Country Embargoes and Targeted Sanctions. In general, collaborations between University personnel and scholars at foreign institutions or organizations do not require export licenses unless they involve export-controlled or -restricted research or involve scholars in sanctioned countries. Before engaging in an international collaboration, the University needs to determine whether export licenses are required and to verify that the foreign collaborator is not blocked or sanctioned. The Office of Foreign Assets Control (OFAC) is responsible for enforcing all U.S. embargoes and sanctions. Depending on each country’s embargo or sanction program, activities may be prohibited without specific authorization or license. UC’s International Collaborations webpage contains additional information on this topic.
The Foreign Corrupt Practices Act (FCPA) is intended to stop bribery. It prohibits offering to pay, paying, promising to pay, or authorizing the payment of money or anything of value to a foreign official. The term “foreign official” generally includes any employee or contractor of a foreign government, and may include individuals employed by foreign universities. It is also unlawful to make a payment to a third party knowing that all or part of the payment will go to a foreign official. For more information, review the federal government’s Resource Guide to the U.S. Foreign Corrupt Practices Act. If you need further clarification, contact the UC Berkeley Office of Legal Affairs at 642-7122. Transparency International’s 2018 survey of perceived public sector corruption rated Brazil at 35 out of 100 (105th out of 180 countries reviewed, i.e. somewhat corrupted).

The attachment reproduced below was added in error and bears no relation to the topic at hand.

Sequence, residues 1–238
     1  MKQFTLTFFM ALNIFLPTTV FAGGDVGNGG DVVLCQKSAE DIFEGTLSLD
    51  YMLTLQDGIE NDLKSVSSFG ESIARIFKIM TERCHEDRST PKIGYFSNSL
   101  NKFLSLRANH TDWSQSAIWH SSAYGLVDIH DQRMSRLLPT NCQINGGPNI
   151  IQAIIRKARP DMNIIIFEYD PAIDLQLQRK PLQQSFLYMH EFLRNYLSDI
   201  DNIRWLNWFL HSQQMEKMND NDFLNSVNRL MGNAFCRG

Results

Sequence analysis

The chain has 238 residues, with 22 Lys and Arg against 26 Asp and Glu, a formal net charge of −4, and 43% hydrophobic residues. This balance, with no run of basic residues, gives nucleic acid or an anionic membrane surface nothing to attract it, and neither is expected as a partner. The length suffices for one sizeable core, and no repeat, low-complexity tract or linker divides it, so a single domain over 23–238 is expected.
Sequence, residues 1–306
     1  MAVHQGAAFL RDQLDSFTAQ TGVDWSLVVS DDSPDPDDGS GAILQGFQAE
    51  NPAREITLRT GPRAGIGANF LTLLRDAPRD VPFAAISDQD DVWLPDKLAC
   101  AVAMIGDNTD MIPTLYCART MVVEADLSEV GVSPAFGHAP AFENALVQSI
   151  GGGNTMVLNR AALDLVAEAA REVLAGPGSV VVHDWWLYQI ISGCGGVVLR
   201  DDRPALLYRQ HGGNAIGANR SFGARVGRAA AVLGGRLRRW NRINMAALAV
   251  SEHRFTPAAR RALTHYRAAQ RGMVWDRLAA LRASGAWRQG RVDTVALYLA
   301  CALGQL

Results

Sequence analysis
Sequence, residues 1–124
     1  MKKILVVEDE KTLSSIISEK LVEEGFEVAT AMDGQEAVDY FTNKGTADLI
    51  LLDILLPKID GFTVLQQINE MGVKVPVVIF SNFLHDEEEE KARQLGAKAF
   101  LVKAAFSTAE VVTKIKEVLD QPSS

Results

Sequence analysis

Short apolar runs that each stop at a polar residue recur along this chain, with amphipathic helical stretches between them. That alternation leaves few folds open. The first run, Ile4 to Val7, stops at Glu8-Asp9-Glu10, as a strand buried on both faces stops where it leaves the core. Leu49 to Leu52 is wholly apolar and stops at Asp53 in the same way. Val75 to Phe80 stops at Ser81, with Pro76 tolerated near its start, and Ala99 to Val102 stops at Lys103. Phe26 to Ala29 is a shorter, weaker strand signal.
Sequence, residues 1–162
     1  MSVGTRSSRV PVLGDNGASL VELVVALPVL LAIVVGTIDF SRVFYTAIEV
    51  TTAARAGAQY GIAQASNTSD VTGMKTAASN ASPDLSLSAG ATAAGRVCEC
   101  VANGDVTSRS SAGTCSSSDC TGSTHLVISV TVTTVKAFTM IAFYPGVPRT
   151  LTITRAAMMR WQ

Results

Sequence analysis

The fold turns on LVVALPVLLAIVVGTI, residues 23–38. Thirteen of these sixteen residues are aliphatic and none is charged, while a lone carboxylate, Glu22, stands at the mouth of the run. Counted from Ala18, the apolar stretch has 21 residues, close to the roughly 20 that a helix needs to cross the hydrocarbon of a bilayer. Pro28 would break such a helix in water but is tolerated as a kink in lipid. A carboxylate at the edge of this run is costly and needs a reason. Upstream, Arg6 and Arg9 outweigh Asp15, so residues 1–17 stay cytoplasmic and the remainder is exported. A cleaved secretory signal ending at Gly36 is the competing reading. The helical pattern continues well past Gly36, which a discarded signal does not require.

Anti-Boycott Laws. The U.S. Department of Commerce is responsible for oversight of laws prohibiting individuals and entities from participating in boycotts not approved or sanctioned by the U.S. government. The Export Administration Act requires that requests to participate in such boycotts or to conduct activities in any of the boycotting countries be formally reported to the Department of Commerce and/or IRS.
For other compliance-related issues, refer to UC’s International Compliance webpage.
ADDITIONAL CONSIDERATIONS FOR DOING BUSINESS INTERNATIONALLY
Foreign Bank Accounts. Employees wishing to open a foreign bank account should contact the Controller’s Office at email@example.com or 643-9803. Requests to open accounts must be made through the Office of the President’s Banking and Treasury Services Group by the Chancellor or the Chancellor’s designee.